Adan v. City of Portland et al

Filing 47

OPINION & ORDER: Defendants' Motion for Summary Judgment (41 in case 3:22-cv-01053-JR; 44 in case 3:22-cv-01054-JR) is Granted and this case is Dismissed. Signed on 5/8/24 by Magistrate Judge Jolie A. Russo. (Associated Cases: 3:22-cv-01053-JR, 3:22-cv-01054-JR) (Deposited in outgoing mail to pro se party on 5/8/24.) (gm)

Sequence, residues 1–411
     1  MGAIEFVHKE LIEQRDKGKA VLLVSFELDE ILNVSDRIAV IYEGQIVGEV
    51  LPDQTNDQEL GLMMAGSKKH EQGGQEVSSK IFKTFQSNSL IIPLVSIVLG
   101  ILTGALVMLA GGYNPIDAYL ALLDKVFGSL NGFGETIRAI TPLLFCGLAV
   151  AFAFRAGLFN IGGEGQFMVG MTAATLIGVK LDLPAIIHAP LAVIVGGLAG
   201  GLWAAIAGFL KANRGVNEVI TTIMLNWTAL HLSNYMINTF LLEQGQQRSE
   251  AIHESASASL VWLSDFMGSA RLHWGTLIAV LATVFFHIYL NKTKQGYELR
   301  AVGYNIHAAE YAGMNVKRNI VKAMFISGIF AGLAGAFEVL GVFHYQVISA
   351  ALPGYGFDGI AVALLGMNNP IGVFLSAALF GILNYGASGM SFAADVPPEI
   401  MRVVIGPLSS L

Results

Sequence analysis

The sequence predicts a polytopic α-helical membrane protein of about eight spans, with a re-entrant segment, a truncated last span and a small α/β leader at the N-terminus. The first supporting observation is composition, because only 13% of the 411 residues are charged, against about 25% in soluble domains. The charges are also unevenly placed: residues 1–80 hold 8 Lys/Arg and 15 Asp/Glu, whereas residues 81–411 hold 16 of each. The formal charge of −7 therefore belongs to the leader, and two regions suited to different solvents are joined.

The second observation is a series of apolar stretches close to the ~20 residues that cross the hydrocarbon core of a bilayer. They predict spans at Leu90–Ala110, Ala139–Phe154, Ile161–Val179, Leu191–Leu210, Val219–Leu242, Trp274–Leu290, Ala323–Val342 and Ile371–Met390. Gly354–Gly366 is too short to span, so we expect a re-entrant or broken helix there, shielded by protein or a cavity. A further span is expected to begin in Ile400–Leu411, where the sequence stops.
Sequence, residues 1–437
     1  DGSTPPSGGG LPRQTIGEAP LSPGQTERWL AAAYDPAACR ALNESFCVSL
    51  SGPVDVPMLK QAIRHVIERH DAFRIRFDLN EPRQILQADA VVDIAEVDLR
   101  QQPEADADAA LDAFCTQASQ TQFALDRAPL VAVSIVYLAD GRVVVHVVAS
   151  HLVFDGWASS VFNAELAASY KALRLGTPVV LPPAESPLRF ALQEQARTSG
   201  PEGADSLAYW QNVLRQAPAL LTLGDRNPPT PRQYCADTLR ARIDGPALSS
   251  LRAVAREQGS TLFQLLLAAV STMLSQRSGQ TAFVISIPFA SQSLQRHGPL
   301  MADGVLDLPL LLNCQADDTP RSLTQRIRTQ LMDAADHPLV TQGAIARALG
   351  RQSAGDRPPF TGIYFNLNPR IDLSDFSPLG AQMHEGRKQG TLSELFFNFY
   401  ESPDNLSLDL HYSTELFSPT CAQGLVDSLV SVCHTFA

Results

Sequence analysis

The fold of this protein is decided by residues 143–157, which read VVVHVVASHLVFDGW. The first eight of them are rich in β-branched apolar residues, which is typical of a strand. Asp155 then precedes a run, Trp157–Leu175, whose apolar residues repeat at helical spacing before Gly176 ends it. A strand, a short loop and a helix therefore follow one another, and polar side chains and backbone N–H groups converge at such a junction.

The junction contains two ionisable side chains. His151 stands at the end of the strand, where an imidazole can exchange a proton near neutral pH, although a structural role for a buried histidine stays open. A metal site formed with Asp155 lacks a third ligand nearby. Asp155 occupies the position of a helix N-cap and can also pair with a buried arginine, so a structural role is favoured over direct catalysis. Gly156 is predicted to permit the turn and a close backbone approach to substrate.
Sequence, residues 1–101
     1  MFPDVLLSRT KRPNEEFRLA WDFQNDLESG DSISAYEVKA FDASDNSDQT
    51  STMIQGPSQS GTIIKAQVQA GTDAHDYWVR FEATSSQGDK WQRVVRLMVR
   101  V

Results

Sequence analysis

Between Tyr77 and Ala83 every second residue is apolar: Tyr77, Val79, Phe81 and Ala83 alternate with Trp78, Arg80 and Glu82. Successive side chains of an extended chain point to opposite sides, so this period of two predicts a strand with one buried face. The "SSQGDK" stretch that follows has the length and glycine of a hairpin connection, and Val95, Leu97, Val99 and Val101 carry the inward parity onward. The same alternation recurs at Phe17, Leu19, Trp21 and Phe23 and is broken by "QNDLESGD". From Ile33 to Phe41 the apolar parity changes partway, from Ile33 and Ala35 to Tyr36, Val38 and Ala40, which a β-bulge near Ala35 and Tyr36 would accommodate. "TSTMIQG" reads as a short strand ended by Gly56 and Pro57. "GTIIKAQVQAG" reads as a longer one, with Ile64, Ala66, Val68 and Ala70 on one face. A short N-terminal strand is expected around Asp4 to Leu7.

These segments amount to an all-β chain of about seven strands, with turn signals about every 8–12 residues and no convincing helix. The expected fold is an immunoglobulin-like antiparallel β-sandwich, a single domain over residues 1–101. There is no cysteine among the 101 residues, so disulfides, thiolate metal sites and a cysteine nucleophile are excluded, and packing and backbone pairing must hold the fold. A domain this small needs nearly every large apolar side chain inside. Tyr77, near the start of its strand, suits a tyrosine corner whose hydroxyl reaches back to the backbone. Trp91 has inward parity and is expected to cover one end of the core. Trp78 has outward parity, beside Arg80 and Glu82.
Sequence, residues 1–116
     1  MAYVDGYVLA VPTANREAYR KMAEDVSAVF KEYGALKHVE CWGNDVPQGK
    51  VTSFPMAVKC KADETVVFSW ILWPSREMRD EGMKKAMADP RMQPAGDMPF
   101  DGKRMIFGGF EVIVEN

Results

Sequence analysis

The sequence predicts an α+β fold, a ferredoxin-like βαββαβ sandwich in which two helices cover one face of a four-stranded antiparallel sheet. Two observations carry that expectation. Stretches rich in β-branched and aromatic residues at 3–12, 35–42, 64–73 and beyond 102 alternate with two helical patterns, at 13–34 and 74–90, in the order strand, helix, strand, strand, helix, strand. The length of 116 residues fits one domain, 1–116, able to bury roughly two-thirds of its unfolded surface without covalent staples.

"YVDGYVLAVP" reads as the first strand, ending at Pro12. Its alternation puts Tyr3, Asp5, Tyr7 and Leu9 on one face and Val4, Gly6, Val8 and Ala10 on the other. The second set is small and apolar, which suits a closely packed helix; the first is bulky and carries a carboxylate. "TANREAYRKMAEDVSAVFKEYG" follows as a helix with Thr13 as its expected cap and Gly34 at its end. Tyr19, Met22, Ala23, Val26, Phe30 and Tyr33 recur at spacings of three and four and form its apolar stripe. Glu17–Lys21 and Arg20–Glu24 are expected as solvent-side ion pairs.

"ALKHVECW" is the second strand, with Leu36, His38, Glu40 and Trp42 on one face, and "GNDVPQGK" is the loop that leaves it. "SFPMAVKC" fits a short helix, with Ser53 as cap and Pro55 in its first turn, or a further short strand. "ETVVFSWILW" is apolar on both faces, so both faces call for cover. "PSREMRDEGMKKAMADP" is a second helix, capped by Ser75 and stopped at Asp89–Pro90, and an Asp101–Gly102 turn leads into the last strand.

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IN THE UNITED STATES DISTRICT COURT FOR THE DISTRICT OF OREGON HALIMA ADAN and DEMETRIUS BATCHELOR, Case No. 3:22-cv-01053-JR (Lead Case) Case No. 3:22-cv-01054-JR (Trailing Case) 1 Plaintiffs, OPINION AND ORDER v. CITY OF PORTLAND, a municipal Corporation, and JOHN DOES 1-2, Officers of the Portland Police Bureau, Defendants. _______________________________ RUSSO, Magistrate Judge: Plaintiffs Halima Adan and Demetrius Batchelor filed separate actions against defendants the City of Portland (“City”) and unnamed Portland Police Bureau (“PPB”) officers under 42 U.S.C. § 1983 and state law arising out of alleged crowd control techniques used during a July 21, 2020, protest. All parties have consented to allow a Magistrate Judge enter final orders and judgement in this case in accordance with Fed. R. Civ. P. 73 and 28 U.S.C. § 636(c). Defendants move for summary judgement pursuant to Fed. R. Civ. P. 56. For the reasons set forth below, defendants’ motion is granted. 1 All citations are to documents in the lead case unless otherwise noted. Page 1 – OPINION AND ORDER BACKGROUND On the evening of July 21, 2020, plaintiffs were in downtown Portland during a large Black Lives Matter protest at the intersection of S.W. Third Avenue and S.W. Salmon Street. Late into the evening, federal law enforcement agents engaged with protestors, using crowd control munitions. While this engagement led to an initial dispersal of the protestors, the crowd returned, and this pattern of dispersal and re-engagement between protestors and federal agents repeated throughout the night and into the early morning of July 22, 2020. Plaintiffs allege that during this period members of the PPB, Department of Homeland Security (“DHS”), and United States Marshals Service (“USMS”) worked in concert to make “an announcement telling all unauthorized people to leave the area.” Am. Compl. ¶ 12 (doc. 4). Shortly after this announcement, two tear gas canisters were fired at plaintiffs’ vehicle, one of which shattered the windshield. Id. at ¶¶ 15-16. Defendants concede that federal agents took part in crowd control techniques throughout the stated time but maintain that no agent of the City or PPB was involved in any way. Defs.’ Mot. Summ. J. 2-3 (doc. 41); Passadore Decl. ¶¶ 11-15 (doc. 42); Dobson Decl. ¶¶ 6-7 (doc. 43). On July 19, 2022, plaintiffs initiated identical lawsuits that were subsequently consolidated. Plaintiffs allege the following claims under 42 U.S.C. § 1983: (1) viewpoint discrimination; (2) excessive use of force; and (3) municipal liability. Am. Compl. ¶¶ 32-42 (doc. 4). Plaintiffs additionally raise claims under Oregon common law for assault, battery, and negligence. Id. at ¶¶ 24-31. On March 20, 2024, defendants filed the present motion for summary judgement. That same day, the Court issued a Summary Judgement Advice Notice, advising plaintiffs that if they did not submit their own “evidence in opposition, summary judgement, if appropriate” may be Page 2 – OPINION AND ORDER issued against them. Summ. J. Advice Notice 1 (doc. 44). As of the date of this Opinion and Order, plaintiffs have not filed a response or otherwise opposed defendants’ motion. STANDARD OF REVIEW Summary judgment is appropriate if the pleadings, depositions, answers to interrogatories, affidavits, and admissions on file, if any, show “that there is no genuine dispute as to any material fact and the [moving party] is entitled to judgment as a matter of law.” Fed. R. Civ. P. 56(a). Substantive law on an issue determines the materiality of a fact. T.W. Elec. Servs., Inc. v. Pac. Elec. Contractors Ass’n, 809 F.2d 626, 630 (9th Cir. 1987). Whether the evidence is such that a reasonable jury could return a verdict for the nonmoving party determines the authenticity of the dispute. Anderson v. Liberty Lobby, Inc., 477 U.S. 242, 248 (1986). The moving party has the burden of establishing the absence of a genuine issue of material fact. Celotex Corp. v. Catrett, 477 U.S. 317, 323 (1986). If the moving party shows the absence of a genuine issue of material fact, the nonmoving party must go beyond the pleadings and identify facts which show a genuine issue for trial. Id. at 324. Special rules of construction apply when evaluating a summary judgment motion: (1) all reasonable doubts as to the existence of genuine issues of material fact should be resolved against the moving party; and (2) all inferences to be drawn from the underlying facts must be viewed in the light most favorable to the nonmoving party. T.W. Elec., 809 F.2d at 630. DISCUSSION This dispute centers on whether defendants’ actions violated plaintiffs’ state and/or federal rights. As an initial matter, the Court notes that plaintiffs’ failure to prosecute their claims is, alone, sufficient to grant summary judgment. See Anderson, 477 U.S. at 252 (in order to defeat a motion for summary judgment “there must be evidence on which the jury could reasonably find for the [non-moving party]”); see also Justice v. Rockwell Collins, Inc., 117 F.Supp.3d 1119, 1134 (D. Or. Page 3 – OPINION AND ORDER 2015), aff’d, 720 Fed.Appx. 365 (9th Cir. 2017) (“if a party fails to counter an argument that the opposing party makes . . . the court may treat that argument as conceded”) (citation and internal quotations and brackets omitted). I. Federal Claims Against Individual Officers To prevail on a claim under 42 U.S.C. § 1983, a plaintiff must demonstrate that: (1) the conduct complained of deprived him or her of an existing federal constitutional or statutory right; and (2) the conduct was committed by a state actor or a person acting under color of state law. West v. Atkins, 487 U.S. 42, 48 (1988) (citations omitted). It is undisputed that PPB officers are state actors for the purposes of 42 U.S.C. § 1983. Qualified immunity shields government officials from civil liability “insofar as their conduct does not violate clearly established statutory or constitutional rights of which a reasonable person would have known.” Harlow v. Fitzgerald, 457 U.S. 800, 818 (1982) (citations omitted). To determine whether a government actor is entitled to qualified immunity, the court evaluates, in no particular order, whether: (1) the alleged misconduct violated a right; and (2) that right was clearly established at the time of the alleged misconduct. Pearson v. Callahan, 555 U.S. 223, 236 (2009). A. First Amendment Claim Viewpoint discrimination is “an egregious form of content discrimination” characterized by regulating speech based on the opinion or perspective of the speaker. Rosenberger v. Rector & Visitors of Univ. of Va., 515 U.S. 819, 829 (1995). To demonstrate viewpoint discrimination, the plaintiffs must show (1) “they were engaged in a constitutionally protected activity”; (2) the defendants’ actions “would chill a person of ordinary firmness from continuing to engage in the protected activity”; and (3) “the protected activity was a substantial or motivating factor” in the Page 4 – OPINION AND ORDER defendants’ conduct. Index Newspaper LLC v. U.S. Marshals Serv., 977 F.3d 817, 827 (9th Cir. 2020). Plaintiffs allege the “City allowed PPB, DHS, USMS team members, while working in concert, pursuant to PPB Directive 635.10 § 7, to violate [their] First Amendment right to peacefully assemble, express political opinions and petition the government for a redress of grievances when it promulgated a policy for the PPB, DHS, USMS via a training slide, to violently censor speech based on the content of the speech.” 2 Am. Compl. ¶¶ 34-38 (doc. 4). However, plaintiffs offer no additional facts in support of these allegations, including in relation to the actions of any individual PPB officer. 3 And the purported “training slide” is not set forth in the complaint nor has not been submitted into evidence. At most, plaintiffs allege: “On or about Jan. 14, 2022, the public was made aware of training material intended for multiple agencies that provided officer training to PPB team members, and other teams working in concert with the PPB.” Id. at ¶ 19. Moreover, defendants have put forth evidence establishing that “[n]o agent of the City, PPB or otherwise, trained any federal or other entity on how to deploy teargas or otherwise perform[ed] crowd control at all, nor for the night in question.” Defs.’ Mot. Summ. J. 3 (doc. 41); see also Dobson Decl. ¶¶ 6-7 (doc. 43) (PPB “did not train, direct, or supervise any federal agencies on how to deploy, manage, or otherwise perform crowd control or perform any other public 2 According to plaintiffs, this directive states, in relevant part: “The Bureau may request assistance from other law enforcement agencies . . . The Bureau [Incident Commander] shall maintain the authority to determine tactical objectives; direct the overall police response (all agencies); and determine, when objectively reasonable, how and when force may be used and when to deploy less lethal munitions to address civil disturbance and/or disperse the crowd.” Am. Compl. ¶ 6 (doc. 4) (ellipses and brackets in original). 3 To the extent plaintiffs’ First Amendment claim is asserted under Monell v. Dept. of Soc. Serv. of City of N.Y., 436 U.S. 658 (1978), it also fails. Notably, plaintiffs offer no evidence the PPB directive itself would have a chilling effect on their speech, nor that the directive was aimed at censoring speech. Additionally, plaintiffs offer no evidence that the City controlled the named agencies or allowed them to violate plaintiffs’ First Amendment rights. Page 5 – OPINION AND ORDER interactions” relating to the protests on the night of July 21 and morning of July 22, 2020); Passadore Decl. ¶ 14 (doc. 42) (“PPB did not coordinate or act in concert in any way with any other law enforcement agency, federal or otherwise” during the stated time). Plaintiffs do not address this evidence or attempt to contest it. Even if well-plead, the complaint’s allegations surrounding viewpoint discrimination cannot salvage plaintiff’s § 1983 claims. See Celotex, 477 U.S. at 322 (summary judgment should be entered against “a party who fails to make a showing sufficient to establish the existence of an element essential to that party’s case, and on which that party will bear the burden on proof at trial”); see also Hernandez v. Spacelabs Med. Inc., 343 F.3d 1107, 1116 (9th Cir. 2003) (“conclusory allegations, unsupported by facts, are insufficient to survive a motion for summary judgment”). Defendants’ motion is granted in this regard. B. Fourth Amendment Claim Excessive force claims are analyzed under the “objective reasonableness” standard, balancing the nature and quality of the intrusion on the individual’s Fourth Amendment interests against the countervailing governmental interests at stake. Graham v. Connor, 490 U.S. 386, 396 (1989); see also Don’t Shoot Portland v. City of Portland, 2022 WL 2700307, *13 (D. Or. July 12, 2022) (“[t]he Fourth Amendment excessive force analysis turns on the specific circumstances of each use of force”). Plaintiffs allege that an unidentified PPB officer “used excessive force, that was not reasonable or necessary, when he fired a tear gas canister directly at [plaintiff’s] vehicle . . . causing respiratory distress, eye pain, and skin irritation.” Am. Compl. ¶ 42 (doc. 4). As addressed above, defendants have put forth evidence indicating that PPB was not present during any of the engagements between federal law enforcement and protestors on the dates in question, nor did Page 6 – OPINION AND ORDER PPB deploy teargas or direct other individuals to deploy teargas. Given these undisputed facts, the Court cannot conclude that a Fourth Amendment violation occurred by the named defendants. C. Qualified Immunity Even assuming plaintiffs established a violation of their First or Fourth Amendment rights, summary judgment is warranted on the basis of qualified immunity. A right is clearly established if its contours are “sufficiently clear that a reasonable official would understand that what he is doing violates that right.” Hope v. Pelzer, 536 U.S. 730, 739 (2002) (citation and internal quotations omitted). Plaintiffs have not cited to any authority even arguably indicating that defendants were on fair notice that their actions violated a clearly established law. See Dist. of Columbia v. Wesby, 583 U.S. 48, 63-68 (2018) (reversing the lower court, explaining it erred by not “considering the facts as a whole [and instead taking] them one by one” and “dismiss[ing] outright any circumstances that were susceptible of innocent explanation,” and granting qualified immunity to the defendant officers where the plaintiffs never identified a single precedent – much less a controlling case or robust consensus of cases – finding a Fourth Amendment violation “under similar circumstances”) (citations and internal quotations omitted). II. Municipal Liability Claims A government entity may not be held vicariously liable for the unconstitutional acts of its employees under 42 U.S.C. § 1983. Monell, 436 U.S. at 694. To establish municipal liability, the plaintiff must demonstrate: (1) he was deprived of a constitutional right; (2) the municipality had a policy, custom, or practice; (3) the policy, custom, or practice amounted to deliberate indifference of the plaintiff’s constitutional rights; and (4) the policy, custom, or practice was the “moving force” behind the constitutional violation. Dougherty v. City of Covina, 654 F.3d 892, 900 (9th Cir. 2011) (citation omitted). Page 7 – OPINION AND ORDER A plaintiff may establish that the policy, custom, or practice was the cause of injury in three ways: (1) “a city employee committed the alleged constitutional violation pursuant to [either] a formal governmental policy or a longstanding practice or custom which constitutes the standard operating procedure of the local governmental entity”; (2) “the individual who committed the constitutional tort was an official with final policy-making authority and that the challenged action itself thus constituted an act of official governmental policy”; or (3) “an official with final policymaking authority ratified a subordinate’s unconstitutional decision or action and the basis for it.” Gillette v. Delmore, 979 F.2d 1342, 1346-47 (9th Cir. 1992) (citations and quotation marks omitted). Plaintiffs allege that “the City, by and through members of PPB, DHS, and USMS working in concert, pursuant to PPB Directive 635.10 § 7, promulgated an official policy” that (1) “violently censored the content of free speech by promoting the battering and use of pepper spray on citizens, including [plaintiffs], who held a specific political viewpoint”; and (2) “allowed the use of tear gas on citizens, including [plaintiffs], in direct violation of a Court Order/Restraining Order issued by U.S. District Court Judge Marco Hernandez, on June 26.” Am. Compl. ¶¶ 46, 48 (doc. 4). Additionally, plaintiffs allege the City “did not provide immediate supervision of the training of members of PPB, DHS, and USMS working in concert, pursuant to PPB Directive 635.10 § 7” and thus this made “John Doe #2, in his role as ‘Portland Police Bureau Team Trainer,’ a ‘final policymaker.’” Id. at ¶ 50. As discussed in Section I, plaintiffs have not demonstrated they were deprived of a constitutional right. Plaintiffs have also not put forth any argument or evidence establishing the City’s supervision of the training of PPB or any other federal agency, or that John Doe #2 was a final policy maker. And, in any event,“[l]iability for improper custom may not be predicated on Page 8 – OPINION AND ORDER isolated or sporadic incidents; it must be founded upon practices of sufficient duration, frequency and consistency that the conduct has become a traditional method of carrying out policy.” Trevino v. Gates, 99 F.3d 911, 918 (9th Cir. 1996). Further, based on their pleadings, it is unclear whether plaintiffs would have the Court find municipal liability by holding (1) PPB Directive 635.10 § 7 unconstitutional, or (2) the promulgation of PPB Directive 635.10 § 7 unconstitutional. However, there is no “rule that a municipality can be found liable under § 1983 only where the policy in question is itself unconstitutional.” City of Canton, Ohio v. Harris, 489 U.S. 378, 386 (1989) (internal quotations and brackets omitted). The second contention regarding promulgation is also unsupported. Even if this Court found a municipal official committed an unconstitutional act, plaintiffs have not presented the Court with any connection between that act and PPB Directive 635.10 § 7. Cf. City of Okla. City v. Tuttle, 471 U.S. 808, 823 (1985) (“[o]bviously if one retreats far enough from a constitutional violation some municipal ‘policy’ can be identified behind almost any such harm inflicted by a municipal official . . . At the very least there must be an affirmative link between the policy and the particular constitutional violation alleged”). Defendants’ motion is granted as to plaintiffs’ 42 U.S.C. § 1983 claims. III. State Law Claims In addition to their federal claims, plaintiffs assert three state law claims for battery, assault, and negligence. Dismissal of plaintiffs’ federal claims does not automatically deprive this Court of subject-matter. Carlsbad Tech., Inc. v. HIF Bio, Inc., 556 U.S. 635, 639 (2009). Rather, where a district court dismisses “all claims over which it has original jurisdiction,” it may, in its Page 9 – OPINION AND ORDER discretion, “decline to exercise supplemental jurisdiction” over pendent state law claims. 28 U.S.C. § 1367(c)(3); Lacey v. Maricopa Cnty., 693 F.3d 896, 940 (9th Cir. 2012). Plaintiffs’ lawsuits have been pending for nearly two years and they have each undergone the withdrawal of two attorneys. Additionally, plaintiffs are proceeding pro se at this point and one of them is currently housed at Oregon State Prison. Therefore, the Court retains jurisdiction of plaintiffs’ pendent state law claims in order to resolve this lawsuit in its entirety. See CarnegieMellon Univ. v. Cohill, 484 U.S. 343, 351 (1988) (retaining jurisdiction over pendent state law claims is appropriate where it serves the interests of efficiency and judicial economy). A. Assault Claim To prevail on an assault claim under Oregon law, a plaintiff must prove a person acted intending to either cause harmful or offensive contact with another person, or to cause another person apprehension of imminent harmful or offensive contact with that other person, and the other person reasonably believed a harmful or offensive contact would occur. Cook v. Kinzua Pine Mills Co., 207 Or. 34, 47, 293 P.2d 717 (1956); Restatement (Second) of Torts § 21 (1965). Plaintiffs allege they “reasonably feared immediate harmful contact when John Doe #1” – i.e., the federal agent who fired a tear gas canister directly at their vehicle, shattering the windshield. Am. Compl. ¶¶ 6, 27 (doc. 4) However, as addressed herein, the undisputed evidence demonstrates no PPB officer was engaged in the alleged acts constituting assault. And plaintiffs have not offered evidence regarding the intent of any PPB officer, which is a critical element. Defendants’ motion is granted as to plaintiffs’ assault claim. B. Battery Claim In Oregon, an action constitutes battery if it causes harmful or offensive contact, including physical impairment, physical pain, or illness. Doe 1 v. Lake Oswego Sch. Dist., 353 Or. 321, 330, 297 P.3d 1287 (2013) (citing Restatement (Second) of Torts § 18(1) (1965)). Battery “requires an Page 10 – OPINION AND ORDER actual intent not only to do an act but to cause personal injury.” Knight v. Durbin, 2019 WL 3037046, *17 (D. Or. July 11, 2019) (citation and internal quotations omitted). Plaintiffs assert that “John Doe #1, while working in concert with the PPB, pursuant to Directive 635.10 § 7, intended to and caused harmful physical contact with [them] without reasonable justification” by firing a tear gas canister directly at their vehicle. Am. Compl. ¶ 25 (doc. 4). As addressed herein, the undisputed evidence of record reflects that defendants were not involved in those actions. And evidence surrounding the requisite intent is once again lacking. Cf. Redman v. Morehead, 2012 WL 1253108, *3 (D. Or. Apr. 13, 2012) (“[a]llegations that a defendant engaged in an intentional act likely to result in [harmful or offensive] contact are not sufficient, and the ability of a court to infer subjective intent to cause harm is limited to situations where such intent is the only inference that may be drawn from the circumstances”). Defendants’ motion is granted as to plaintiffs’ battery claim. C. Negligence Claim To establish a claim for negligence, the plaintiff must show: (1) the defendant owed the plaintiff a duty, (2) the defendant’s conduct created a foreseeable and unreasonable risk of legally cognizable harm to the plaintiff, and (3) the defendant’s conduct in fact caused that kind of harm to the plaintiff. Sloan on behalf of Est. of Sloan v. Providence Health Sys.-Or., 364 Or. 635, 642, 437 P.3d 1097 (2019) (citing Fazzolari v. Portland Sch. Dist. No. 1J, 303 Or. 1, 17, 734 P.2d 1326 (1987)). Plaintiffs allege the City “failed to use reasonable care when they did not properly supervise the training of PPB, DHS, and USMS” officers at the July 21 and 22, 2020, protests, which “directly” lead to their injuries. Am. Compl. ¶ 30 (doc. 4). Page 11 – OPINION AND ORDER The uncontroverted evidence evinces that no agent of the City or PPB trained any federal or other entity on crowd engagement techniques. Defs.’ Mot. Summ. J. 3 (doc. 41); Passadore Decl. ¶ 14 (doc. 42); Dobson Decl. ¶ 7 (doc. 43); see also Chapman v. Mayfield, 263 Or.App. 528, 537, 329 P.3d 12, 17 (2014) (a plaintiff must “come forward with sufficient evidence” at summary judgement to establish foreseeability). Likewise, neither the City nor PPB “had authority to direct” any federal agency, nor “any other entity on how to perform crowd control.” Defs.’ Mot. Summ. J. 3 (doc. 41); Passadore Decl. ¶ 14 (doc. 42); Dobson Decl. ¶ 7 (doc. 43). Defendants’ motion is granted as to plaintiffs’ negligence claim. CONCLUSION For the reasons stated above, defendants’ Motion for Summary Judgment (doc. 41) is granted, and this case is dismissed. IT IS SO ORDERED. DATED this 8th day of May, 2024. /s/ Jolie A. Russo Jolie A. Russo United States Magistrate Judge Page 12 – OPINION AND ORDER